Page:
Basic areas include technology development for gene-targeted therapies including gene, ASOs and RNAi therapies; glia biology including oligodendrocyte and Schwann cell development, function and myelination; and neural tube development. Disease areas include hydrocephalus, neural tube defects, Tourette syndrome and multiple rare neurological disorders including lysosomal storage disorders, leukodystrophies, inborn errors of metabolism, neurofibromatoses, congenital disorders of glycosylation (CDGs), mitochondrial disorders, peroxisomal disorders, and metal metabolism disorders.
Dr. Jill Morris joined NINDS in 2011 and is a Program Director in the Division of Neuroscience at NINDS. She oversees basic grants in technology development for gene-targeted therapies, glia biology and neural tube development. She is also responsible for disease grants in hydrocephalus, neural tube defects, Tourette syndrome and multiple rare neurological disorders. Furthermore, Dr. Morris is the NINDS Liaison for the Rare Disease Clinical Research Network (RDCRN) an initiative of the Office of Rare Disease Research (ORDR), NCATS in collaboration with NINDS. NINDS co-funds 11 of the 20 consortia as well as the Data Management Coordinating Center (DMCC). She is also the lead of the extramural Trans-NIH Gene-Targeted Therapies for Nervous System Disorders Working Group (GeTTNSD). In addition, she is a working group member of URGenT: The NINDS Ultra-Rare Gene-based Therapy Network.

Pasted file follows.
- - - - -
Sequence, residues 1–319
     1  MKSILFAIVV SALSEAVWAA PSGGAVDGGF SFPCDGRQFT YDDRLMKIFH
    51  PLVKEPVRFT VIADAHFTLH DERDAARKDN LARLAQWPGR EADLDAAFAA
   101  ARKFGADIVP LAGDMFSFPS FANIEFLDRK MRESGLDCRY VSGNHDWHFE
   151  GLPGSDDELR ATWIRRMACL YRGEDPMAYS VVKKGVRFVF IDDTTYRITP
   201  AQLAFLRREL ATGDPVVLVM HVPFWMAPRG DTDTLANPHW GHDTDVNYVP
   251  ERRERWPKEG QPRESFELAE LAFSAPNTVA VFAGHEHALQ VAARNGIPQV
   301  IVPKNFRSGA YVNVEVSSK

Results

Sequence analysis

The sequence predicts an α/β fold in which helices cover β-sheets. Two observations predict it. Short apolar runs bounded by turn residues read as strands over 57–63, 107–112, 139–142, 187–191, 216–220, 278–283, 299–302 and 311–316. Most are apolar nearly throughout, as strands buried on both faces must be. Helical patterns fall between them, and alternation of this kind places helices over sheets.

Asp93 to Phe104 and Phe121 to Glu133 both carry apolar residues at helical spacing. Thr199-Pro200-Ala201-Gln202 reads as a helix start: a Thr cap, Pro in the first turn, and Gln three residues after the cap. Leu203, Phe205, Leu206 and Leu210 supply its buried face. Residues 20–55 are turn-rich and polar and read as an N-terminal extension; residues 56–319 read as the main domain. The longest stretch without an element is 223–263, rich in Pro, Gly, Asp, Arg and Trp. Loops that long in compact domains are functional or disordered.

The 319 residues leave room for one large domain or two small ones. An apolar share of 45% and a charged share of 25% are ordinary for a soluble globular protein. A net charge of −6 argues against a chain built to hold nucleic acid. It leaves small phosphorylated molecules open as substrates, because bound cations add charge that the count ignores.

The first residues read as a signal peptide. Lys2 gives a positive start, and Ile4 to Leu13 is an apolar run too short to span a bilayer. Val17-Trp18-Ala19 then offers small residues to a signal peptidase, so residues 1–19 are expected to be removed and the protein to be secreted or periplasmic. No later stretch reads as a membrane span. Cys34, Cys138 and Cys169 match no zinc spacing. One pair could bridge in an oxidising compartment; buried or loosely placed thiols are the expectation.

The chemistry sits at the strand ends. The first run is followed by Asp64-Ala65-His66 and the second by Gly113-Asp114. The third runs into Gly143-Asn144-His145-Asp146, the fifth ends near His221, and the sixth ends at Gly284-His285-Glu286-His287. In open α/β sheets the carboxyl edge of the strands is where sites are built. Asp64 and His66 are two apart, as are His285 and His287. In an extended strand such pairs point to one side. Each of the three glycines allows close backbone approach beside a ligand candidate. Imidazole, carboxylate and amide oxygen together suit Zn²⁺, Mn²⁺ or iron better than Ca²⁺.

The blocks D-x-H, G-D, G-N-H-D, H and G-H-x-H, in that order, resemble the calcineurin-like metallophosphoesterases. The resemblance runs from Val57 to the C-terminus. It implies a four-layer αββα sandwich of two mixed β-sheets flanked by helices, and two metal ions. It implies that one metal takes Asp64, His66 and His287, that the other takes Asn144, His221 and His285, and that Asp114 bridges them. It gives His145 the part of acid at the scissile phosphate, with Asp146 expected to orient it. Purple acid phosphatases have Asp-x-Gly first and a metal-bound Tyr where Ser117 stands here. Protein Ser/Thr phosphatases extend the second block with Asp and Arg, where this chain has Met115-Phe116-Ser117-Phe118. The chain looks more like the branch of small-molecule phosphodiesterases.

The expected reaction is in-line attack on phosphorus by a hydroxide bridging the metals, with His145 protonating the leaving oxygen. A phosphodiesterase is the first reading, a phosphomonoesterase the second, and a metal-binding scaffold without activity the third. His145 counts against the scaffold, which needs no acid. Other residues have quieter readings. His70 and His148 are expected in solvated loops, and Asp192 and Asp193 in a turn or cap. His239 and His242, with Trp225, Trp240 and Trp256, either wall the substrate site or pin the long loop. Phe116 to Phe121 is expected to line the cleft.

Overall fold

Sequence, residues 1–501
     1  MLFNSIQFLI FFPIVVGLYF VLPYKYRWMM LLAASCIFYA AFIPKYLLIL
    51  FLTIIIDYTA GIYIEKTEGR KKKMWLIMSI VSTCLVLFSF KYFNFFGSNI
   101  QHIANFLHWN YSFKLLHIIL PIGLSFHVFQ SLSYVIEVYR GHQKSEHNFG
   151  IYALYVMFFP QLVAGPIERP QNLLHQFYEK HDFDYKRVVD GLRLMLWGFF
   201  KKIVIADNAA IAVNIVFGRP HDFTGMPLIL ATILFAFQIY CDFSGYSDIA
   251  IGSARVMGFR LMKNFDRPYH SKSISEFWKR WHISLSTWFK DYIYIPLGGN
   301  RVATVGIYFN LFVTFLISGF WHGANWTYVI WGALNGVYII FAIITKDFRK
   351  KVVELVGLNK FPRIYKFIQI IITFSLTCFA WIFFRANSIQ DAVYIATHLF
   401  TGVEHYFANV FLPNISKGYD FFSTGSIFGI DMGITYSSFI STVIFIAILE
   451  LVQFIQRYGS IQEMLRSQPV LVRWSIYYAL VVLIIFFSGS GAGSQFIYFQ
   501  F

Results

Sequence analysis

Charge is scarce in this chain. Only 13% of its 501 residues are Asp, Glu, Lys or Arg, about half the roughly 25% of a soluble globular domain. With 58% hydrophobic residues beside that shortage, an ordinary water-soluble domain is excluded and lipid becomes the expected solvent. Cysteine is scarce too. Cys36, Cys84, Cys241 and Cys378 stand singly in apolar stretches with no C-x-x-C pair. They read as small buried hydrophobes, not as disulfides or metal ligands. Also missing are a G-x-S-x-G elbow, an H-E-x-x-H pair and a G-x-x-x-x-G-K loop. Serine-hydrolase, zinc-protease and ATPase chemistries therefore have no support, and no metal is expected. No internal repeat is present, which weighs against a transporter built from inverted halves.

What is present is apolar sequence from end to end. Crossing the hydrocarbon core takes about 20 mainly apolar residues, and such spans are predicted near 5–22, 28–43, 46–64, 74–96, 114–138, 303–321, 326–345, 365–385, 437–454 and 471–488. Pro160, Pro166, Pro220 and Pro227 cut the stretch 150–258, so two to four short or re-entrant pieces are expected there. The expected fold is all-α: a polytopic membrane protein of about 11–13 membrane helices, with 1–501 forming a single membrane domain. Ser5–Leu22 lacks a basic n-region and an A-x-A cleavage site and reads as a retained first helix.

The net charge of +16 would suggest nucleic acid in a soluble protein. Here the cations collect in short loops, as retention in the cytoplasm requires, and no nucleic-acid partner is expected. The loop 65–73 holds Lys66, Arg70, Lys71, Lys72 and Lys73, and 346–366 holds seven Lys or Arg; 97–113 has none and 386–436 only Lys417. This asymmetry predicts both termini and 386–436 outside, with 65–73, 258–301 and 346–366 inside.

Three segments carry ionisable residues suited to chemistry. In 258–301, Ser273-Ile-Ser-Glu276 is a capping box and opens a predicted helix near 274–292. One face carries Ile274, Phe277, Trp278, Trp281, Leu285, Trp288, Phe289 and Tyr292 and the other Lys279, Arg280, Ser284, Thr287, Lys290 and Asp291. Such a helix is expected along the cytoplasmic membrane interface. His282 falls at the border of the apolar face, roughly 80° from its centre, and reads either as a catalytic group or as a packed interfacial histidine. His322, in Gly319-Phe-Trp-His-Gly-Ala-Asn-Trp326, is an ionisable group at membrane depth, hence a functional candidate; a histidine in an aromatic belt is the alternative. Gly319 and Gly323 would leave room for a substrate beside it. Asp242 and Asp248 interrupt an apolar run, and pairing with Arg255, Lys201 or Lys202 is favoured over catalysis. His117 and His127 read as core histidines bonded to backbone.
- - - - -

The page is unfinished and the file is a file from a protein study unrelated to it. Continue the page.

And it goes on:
Prior to coming to the NIH, Dr. Morris was an Assistant Professor in the Department of Pediatrics in the Feinberg School of Medicine at Northwestern University. Her laboratory studied the function of DISC1, a schizophrenia susceptibility gene. Prior to NIH, she was Senior Research Biologist in the Department of Neuroscience at Merck Research Laboratories where she directed research projects relating to bipolar affective disorder, schizophrenia, Alzheimer's disease and Parkinson's disease. Prior to Merck, she was a Senior Staff Fellow in the Unit of Molecular Neurogenetics at the National Institutes of Health where her research led to the identification and characterization of the gene responsible for the rare autosomal recessive neurodegenerative disorder called Niemann-Pick type C disease. Her background in gene therapy is from her graduate studies at the University of Minnesota.